Road Trip in Town

December 14, 2008


Above: Inside SR Harris Fabrics, the bolts of fabric sitting at one end of one row in this immense warehouse of fabric. My journal was left in the car to avoid loosing it in the store (I only had a small purse with me). I worked in a small soft-covered pamphlet stitched Moleskine. (I carry these for notes like car mileage or prices, or simply to have paper to sketch on and hand to someone else while explaining something to them.) Later these pages were ripped out and glued into me journal with other notes.

There are certain things I’m not allowed to do, all my friends know this. For instance I am not allowed to go to Las Vegas. I don’t have a gambling problem, in fact I don’t even gamble, I don’t get the appeal. (I watch poker games on TV and wonder what all the fuss is about because everyone’s tells make it so uninteresting to me.) I can’t go to Vegas because of the noise, lights, and general commotion. Friends have been, and reported back, that it would be impossible for me to survive there because of the distractions, both bright and sparkly and just plain “normal”—one friend reported back that she was convinced I would be captivated by the door knobs in one casino she visited and never get out of the stairwell.

Since the friend concerned with doorknobs is the same woman who routinely goes to “Michaels” with me I think it is probably a pretty accurate assessment and I should be a little wary of Las Vegas. Recently the local “Michaels” underwent a total clean up and tidying. Alone one day and desperate for some kitschy craft item they carry (felt balls, or maybe pipe cleaners) I braved the store alone, armed only with a list. I’m happy to say I stayed focused and was in and out in record time.

Some retail experiences remain challenging for me. I am not allowed to go to SR Harris Fabric by myself and doubt this will change anytime soon.

Recently I was asked to make a small leather book, and I don’t usually work in leather, but I knew I could purchase some brightly colored leathers at SR Harris. I immediately called my friend Diane (the landscape painter I wrote about on November 21).

Diane has many skills, including the ability to upholster furniture! She always up for a road trip to SR Harris, and that’s what Friday’s adventure turned out to be. I swung up and out to the northeast of the cities to White Bear Lake where Diane lives in a rather bucolic setting across from a nature preserve that is depicted in many of her paintings. Our goal was for me to pick up Diane, snake across the north end of the urban area to SR Harris, which is sort of northwest from me, collect leather and fabrics as needed, check out some beaded trims, and then return to Diane’s where I could see her Christmas tree all lit up, and look over some brochures she’s preparing.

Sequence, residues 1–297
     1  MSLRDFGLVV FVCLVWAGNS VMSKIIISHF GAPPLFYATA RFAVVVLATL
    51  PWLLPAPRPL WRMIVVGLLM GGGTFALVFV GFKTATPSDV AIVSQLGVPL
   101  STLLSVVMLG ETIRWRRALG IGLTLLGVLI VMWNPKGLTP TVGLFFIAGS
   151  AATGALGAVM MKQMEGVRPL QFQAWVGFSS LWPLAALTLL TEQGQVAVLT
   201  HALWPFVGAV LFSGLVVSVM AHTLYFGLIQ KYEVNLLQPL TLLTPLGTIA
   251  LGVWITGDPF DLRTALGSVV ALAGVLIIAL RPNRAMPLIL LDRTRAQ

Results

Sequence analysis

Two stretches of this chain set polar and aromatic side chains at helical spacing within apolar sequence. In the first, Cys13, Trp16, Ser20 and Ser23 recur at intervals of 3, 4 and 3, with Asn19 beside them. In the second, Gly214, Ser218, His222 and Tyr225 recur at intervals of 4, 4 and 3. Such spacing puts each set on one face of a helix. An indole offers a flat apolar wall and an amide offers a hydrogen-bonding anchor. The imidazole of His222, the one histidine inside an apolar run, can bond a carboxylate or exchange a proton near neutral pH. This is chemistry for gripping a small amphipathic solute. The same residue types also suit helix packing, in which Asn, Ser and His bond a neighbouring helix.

It was a good plan, and despite the cold day it was a dry day. I was running 30 minutes late when I picked up Diane, but we were still in good shape to miss the rush hour traffic. (My phone had been ringing all day, it was as if everyone knew I was going to leave the office!) We sped away, Diane showing me back roads to save time and distance, and traffic lights. We chatted about projects and fabric needs. Traffic wasn’t crazy but it still took us a good 45 minutes or more to arrive. Just as we were pulling in Diane’s brother called her to tell her that the alarm company had called him to say there was a fire alarm off at her house and the fire department had been dispatched.

No one likes to receive that type of call ever, but especially not when you are almost an hour away from home, and you can’t reach your spouse on the phone. (Diane’s husband was off on his own errands and his cell phone number had just been ineffectually switched by a company I won’t mention for possible legal reasons. There was no way to reach him.)

I immediately told Diane we should just turn around and get back to her house. Instead she told me to go in and get some leather (the one must have item on my list) and she’d follow me with news in a minute. I went straight to the leather table (happily near the door, you’ll see why I say this in a moment), and found two brightly colored leathers (bright colors were requested). When Diane walked in moments later I was ready to check out. She got a sample of some beaded trim and we were off.

We drove about 10 minutes back towards her house (the traffic was starting to pick up especially because of some construction where we were) and her phone rang. Her sister-in-law had been to the house and done a walk through. It was a false alarm. At Diane’s instruction I did a U-turn at the intersection and back we went, much relieved, to SR Harris to complete our mission.


As you’ll see in the photo, SR Harris Fabric is a huge and intimidating place. Add to that distracting and confusing flood of color and texture and you still don’t even begin to comprehend the intensity of the experience for someone attracted by loose threads, or cracks in a floor!

We had a cart and ventured into the designer upholstery fabrics. Suddenly I was surrounded by great beauty: color and texture. I found myself wishing weakly that I was the type of person who cared about house decoration; maybe I should reupholster things? I shook off those thoughts to go and look at the fake fur. This is more my style, tacky, garish, and lots of fun. But when you are 5 ft. 3 inches tall and the fake fur is on shelving that runs from the floor into where a second story would normally be (at least 20 feet up), stretches for about 60 feet, and there are 4 or 5 rows like that, well something has to give. It’s a Darwinian rule or something. And I’m that thing that gives.